|Pictured: Dudley Flores|
Photo: RJ Muna
Garrett + Moulton Productions
Yerba Buena Center for the Arts, San Francisco
September 18th, 2014
Retro is chic and classic. Contemporary is cool and edgy. Mix the two together, and the possibilities are endless. So what happens when retro meets contemporary in modern dance performance? The result is renewal. And that is what “The Luminous Edge” is all about.
Garrett + Moulton Productions’ newest full-length evening work, currently showing on the Yerba Buena main stage, demonstrates the value of pairing the past and present together onstage. Featuring live music directed by Jonathan Russell with special guest singer Karen Clark, this world premiere had forward thinking, innovative choreography (by co-Artistic Directors Janice Garrett and Charles Moulton) and a timeless narrative. But the structure of the work was the most compelling element. As they have done in a number of previous compositions, Garrett and Moulton opted for a combination cast: company dancers and a movement choir. The inclusion of the chorus is a bit of a retro choice in today’s performing arts landscape. But in “The Luminous Edge”, the connection between the featured dancers and the corps is anything but old-fashioned. And while there are definitely hierarchical issues at play, this particular form provided visual framing, narrative support and theatrical interactions that made “The Luminous Edge” a special combination of retro and contemporary.
The visual framing started in the opening moments of the dance. The lights went up to reveal the movement choir in two lines on either side of stage. While walking back and forth, the lines weaving, they created a corridor to ‘introduce’ the cast members. And in a beautiful cadence, they returned to these original positions at the end of “The Luminous Edge” to help the cast say farewell to each other and to the audience. Yet the ending was brilliantly deceptive – only four of the dancers retreated backward into the abyss, leaving one couple downstage center. Renewal was clearly still in process. The movement choir’s role was changeable and fluid throughout the piece – sometimes they were onstage, sometimes absent, sometimes together as a group, sometimes separated. During much of the choreographic action, they were in a moveable bleacher formation. Organized in three rows, these eighteen dedicated performers provided a physical score of (mostly unison) gestural phrases; movement and narrative context for the various solos, duets, and group sequences.
By interacting with the company dancers in a mutual conversation, the movement choir was equally involved in bringing the renewal narrative to life. In two separate instances, the cast stood in individual spotlights around the stage space. Each of the six company dancers was joined by three movement choir performers whose hands flowed, washed and waved over them. Here the chorus was helping them evolve from one state to another, almost like guardian angels. In another striking, yet contrasting, scene, the movement chorus was strewn about the stage in a chaotic frenzy catching dancers Tegan Schwab and Nol Simonse in a human tornado. Only once in the entire seventy-five minutes did the movement choir’s contribution not make sense - the vocalization sequence. Up until this point, the eighteen performers had been silent and so the decision to all of a sudden mix sound and gesture was curious. It seemed out of place and compromised their carefully cultivated movement power.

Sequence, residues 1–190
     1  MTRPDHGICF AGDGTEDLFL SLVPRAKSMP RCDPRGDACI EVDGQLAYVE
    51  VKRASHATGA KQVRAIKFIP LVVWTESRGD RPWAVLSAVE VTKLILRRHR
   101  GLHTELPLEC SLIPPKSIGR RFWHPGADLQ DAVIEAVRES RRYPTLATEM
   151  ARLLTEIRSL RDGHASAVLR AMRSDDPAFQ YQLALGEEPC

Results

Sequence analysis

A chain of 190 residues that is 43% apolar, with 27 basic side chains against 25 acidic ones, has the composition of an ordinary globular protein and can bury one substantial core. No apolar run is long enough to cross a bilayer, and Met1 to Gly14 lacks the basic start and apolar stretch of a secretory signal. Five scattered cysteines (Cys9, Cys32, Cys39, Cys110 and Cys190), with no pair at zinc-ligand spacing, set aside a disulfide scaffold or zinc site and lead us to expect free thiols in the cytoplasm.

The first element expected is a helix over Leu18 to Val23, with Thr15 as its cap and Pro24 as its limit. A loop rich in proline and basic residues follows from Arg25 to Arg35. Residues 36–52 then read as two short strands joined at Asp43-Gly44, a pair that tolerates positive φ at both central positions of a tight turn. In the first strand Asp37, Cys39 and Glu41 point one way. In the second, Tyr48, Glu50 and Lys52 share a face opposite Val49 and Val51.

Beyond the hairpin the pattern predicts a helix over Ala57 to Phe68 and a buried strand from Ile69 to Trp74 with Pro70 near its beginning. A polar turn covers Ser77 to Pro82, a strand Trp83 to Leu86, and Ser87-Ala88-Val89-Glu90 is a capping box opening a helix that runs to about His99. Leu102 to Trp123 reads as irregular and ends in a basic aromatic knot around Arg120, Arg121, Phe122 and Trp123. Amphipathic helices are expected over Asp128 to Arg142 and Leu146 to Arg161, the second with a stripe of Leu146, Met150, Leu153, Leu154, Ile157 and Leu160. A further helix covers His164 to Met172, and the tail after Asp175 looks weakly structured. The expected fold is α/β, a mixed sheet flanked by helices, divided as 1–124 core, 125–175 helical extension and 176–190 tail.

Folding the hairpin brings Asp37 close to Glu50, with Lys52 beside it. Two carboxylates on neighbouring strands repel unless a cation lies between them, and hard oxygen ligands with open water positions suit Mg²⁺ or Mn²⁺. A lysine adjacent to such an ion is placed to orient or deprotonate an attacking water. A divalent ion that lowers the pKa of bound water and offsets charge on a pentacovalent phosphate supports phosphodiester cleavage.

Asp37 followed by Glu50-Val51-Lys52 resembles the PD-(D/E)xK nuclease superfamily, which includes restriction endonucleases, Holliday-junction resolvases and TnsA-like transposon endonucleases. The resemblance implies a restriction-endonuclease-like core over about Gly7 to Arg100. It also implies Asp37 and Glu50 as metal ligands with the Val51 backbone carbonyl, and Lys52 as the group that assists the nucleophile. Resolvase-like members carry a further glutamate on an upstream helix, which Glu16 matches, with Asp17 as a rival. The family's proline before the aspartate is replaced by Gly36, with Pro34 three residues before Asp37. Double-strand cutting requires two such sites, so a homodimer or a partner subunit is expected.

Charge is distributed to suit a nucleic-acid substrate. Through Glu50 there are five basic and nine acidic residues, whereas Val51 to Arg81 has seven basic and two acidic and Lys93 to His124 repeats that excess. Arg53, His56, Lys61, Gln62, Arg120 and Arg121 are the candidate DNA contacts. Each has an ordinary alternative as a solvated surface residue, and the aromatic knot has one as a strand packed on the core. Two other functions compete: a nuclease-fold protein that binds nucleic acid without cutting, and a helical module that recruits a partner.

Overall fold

While the structure of the work was most intriguing, there were also a number choreographic and performative highlights that deserve special mention. Carolina Czechowska’s early solo (accompanied by the movement choir) was something else. Renewal is a constant process, of both big and small movements; simultaneously quiet and loud. Czechowska’s variation spoke to that complexity – blending the subtle presentation of a single arm and the strength of demi-pointe balances with the vast luxury of attitude turns and arabesque extensions. In addition, the pairing of Schwab and Simonse was incomparable. Anytime they were onstage, especially when they were dancing together, the emotive breadth, personal rapport and technical acumen left you wanting more. Lastly, Garrett and Moulton injected a number of highly energetic full cast choreographic scenes throughout “The Luminous Edge”. This bit of whimsy and spirit was a welcome addition to the lengthy work, which did tend towards similar material and single-level dynamics.